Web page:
Ohio City Bicycle Co-op

April Social Ride: poetic places

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Written by Joshua Goran
Tuesday, 24 February 2015 13:42

april social ride to Poetic Places

To pay proper notice to National Poetry Month,

In this cruelest month, we'll visit poetic places.  

We'll be let in early to the Eastman Reading Garden

Before the lunching season opens, officially,

To read Maya Lin's brother Tan's

Abstract brass and granite words on her sculpture.

After passing, the Erie St. Cemetery;

where many poets are certainly buried (or should be)

we drop down by the temple of lost love

and rise up literary to see about d.a. levy

where the city is painted with fading lines on a bridge.

Six Steps Down by the timeless market,

We pass where Daniel Thompson read his junk;

And say good bye to Hart Crane at a statue

By some guy, by the still-crooked river.


For more information, see the route map here (general Saturday Social Ride info here).

Last Updated ( Friday, 31 March 2017 15:45 )

Please contribute to our first Bike Drive!

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Written by Jim Sheehan
Wednesday, 15 February 2017 20:00

For the first time ever, for a variety of very good reasons, we have the good fortune to need to say: we need bikes! 

 So we are holding our first-ever Bike Dive: if you have a bike that could use a new rider, please consider donating it now, during the "off season" while we have time to get it fixed for a couple Spring projects we are working on.

We accept bikes anytime we are open, and most other days between 10am and 6pm (just give a call first to be sure we are in).  We accept any bikes, in any condition, but right now we are especially interested in collecting bikes with specific features needed for the Cleveland Refugee Bike Project and a special school project that will both use the most common and durable type available, which are described below.

Other types of bikes, including children’s bikes, will be refurbished by OCBC students, volunteers and staff, and sold to support this and other educational programs. OCBC is a 501(c)(3) non-profit organization, so all donations are tax-deductible.

Bikes for the refugee bike project are the same type used for OCBC’s youth Earn A Bike program, for the same reasons: they are plentiful, very basic, and easily serviceable with no special tools. They are commonly available at department stores (but with proper repair and upgrading they’ll be much more efficient and reliable than when they were bought new!).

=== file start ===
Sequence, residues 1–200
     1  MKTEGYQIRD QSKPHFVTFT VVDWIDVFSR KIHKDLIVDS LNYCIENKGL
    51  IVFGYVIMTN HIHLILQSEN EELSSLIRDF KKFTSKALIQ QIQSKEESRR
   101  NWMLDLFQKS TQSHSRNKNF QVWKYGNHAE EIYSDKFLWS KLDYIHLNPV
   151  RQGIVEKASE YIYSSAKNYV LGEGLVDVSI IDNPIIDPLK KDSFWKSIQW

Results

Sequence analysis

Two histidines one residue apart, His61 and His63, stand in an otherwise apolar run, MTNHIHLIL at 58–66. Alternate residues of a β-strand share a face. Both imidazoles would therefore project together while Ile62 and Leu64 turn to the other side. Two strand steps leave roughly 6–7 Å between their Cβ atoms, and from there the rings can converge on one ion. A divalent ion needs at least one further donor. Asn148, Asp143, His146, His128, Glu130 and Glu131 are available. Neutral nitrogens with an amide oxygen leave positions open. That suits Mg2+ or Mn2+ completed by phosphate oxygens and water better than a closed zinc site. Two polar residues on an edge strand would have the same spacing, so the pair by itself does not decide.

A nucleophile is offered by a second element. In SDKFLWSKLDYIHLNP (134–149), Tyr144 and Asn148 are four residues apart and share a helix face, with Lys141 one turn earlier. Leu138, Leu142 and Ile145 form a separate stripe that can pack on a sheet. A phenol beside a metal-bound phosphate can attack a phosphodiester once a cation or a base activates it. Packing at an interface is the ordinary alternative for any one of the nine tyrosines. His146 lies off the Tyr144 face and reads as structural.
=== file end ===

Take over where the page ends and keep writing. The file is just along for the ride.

Refugee project bikes will be identifiable by these characteristics:

  • Mountain” style bikes (26" wheels) -- any size frames, men’s or women’s.

  • Commonly brands like Huffy, Roadmaster, Murray and Pacific.

  • They should NOT have shock absorbers on the front fork (often with rubber “accordion” boots) or suspension for the rear wheel (a spring mechanism in the frame).

  • Caliper” brakes

  • One-piece cranks

If you are not sure if we need it: bring it down: we can use it!  If you need advice getting it in a car, or other donation details, see our Donation Policy page.
Last Updated ( Wednesday, 15 February 2017 20:57 )

Water barrel bike trailer

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Written by Jim Sheehan
Tuesday, 14 February 2017 15:39

OCBC has been designing and building cargo trailers intermittently for some time, as a way to re-use bike parts and provide low-cost carrying capacity for cyclists. In 2012 Barton Hiatt got this project solidly underway (see his work journal at bikecart.org), with prototypes in use and production methods documented.  We have been using the last of his prototypes since then, for things like keg rides and trips to the sledding hill, but have been intending to make a bigger version.

We now have an excuse to start building that, with the hopes that it will be usable by citizen tree stewards to water street trees planted under the Reforest Our City project -- we have promised them a working model to demonstrate on Arbor Day, April 24th 2017, with a 10 ft. hose and 55 gal. drum (enough to water 11 trees semi-weekly, weighing 540 lbs).  If it works for them we may need to scale up to produce several, but even if not we'll find it useful to have around, and reproducible for anyone who wants a robust DIY alternative to re-purposed kid-trailers.

Update, April 2017:
Thanks to great engineering help from a truly solid volunteer, the trailer project is moving to the next phase: training volunteers from the 2100 Lakeside Men's Shelter with Traffic Skills and trailer-specific riding techniques, as they water street trees in a pilot of this major effort to make Cleveland back into the "Forest City".  See the trailer in action in this video.

This version holds 250lbs (about 30 gal.) of water, and will cost $250. We plan a more robust version to hold a full 55 gal. drum, but testing this design with a full barrel, braking hard bent the hitch arm, so the next iteration will either have a welded frame or be 4-wheeled cart with remote brakes -- either way a much bigger job, which we'll undertake as time permits.

Any volunteers are welcome to help in this effort, to practice some back-porch engineering and/or learn some useful metal-working skills -- and earn volunteer credits while helping develop another earned income source for OCBC. 


Last Updated ( Tuesday, 18 April 2017 20:51 )
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